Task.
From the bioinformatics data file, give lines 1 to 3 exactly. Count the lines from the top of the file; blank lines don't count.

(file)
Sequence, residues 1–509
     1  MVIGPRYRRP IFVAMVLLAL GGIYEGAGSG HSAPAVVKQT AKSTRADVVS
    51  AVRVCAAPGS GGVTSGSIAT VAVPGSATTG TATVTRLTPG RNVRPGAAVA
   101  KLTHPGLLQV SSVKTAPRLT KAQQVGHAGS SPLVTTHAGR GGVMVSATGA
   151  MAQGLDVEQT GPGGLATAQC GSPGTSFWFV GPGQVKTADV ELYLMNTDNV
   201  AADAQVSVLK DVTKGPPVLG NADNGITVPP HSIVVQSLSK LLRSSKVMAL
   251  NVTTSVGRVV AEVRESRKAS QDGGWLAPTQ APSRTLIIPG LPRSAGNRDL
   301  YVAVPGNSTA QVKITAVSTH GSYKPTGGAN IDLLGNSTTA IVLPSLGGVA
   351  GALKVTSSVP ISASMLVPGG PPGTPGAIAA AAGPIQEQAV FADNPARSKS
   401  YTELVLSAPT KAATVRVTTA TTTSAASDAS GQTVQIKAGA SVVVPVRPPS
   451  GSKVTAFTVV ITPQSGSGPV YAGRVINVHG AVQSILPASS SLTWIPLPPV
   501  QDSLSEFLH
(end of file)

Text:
Sequence, residues 1–509
     1  MVIGPRYRRP IFVAMVLLAL GGIYEGAGSG HSAPAVVKQT AKSTRADVVS
    51  AVRVCAAPGS GGVTSGSIAT VAVPGSATTG TATVTRLTPG RNVRPGAAVA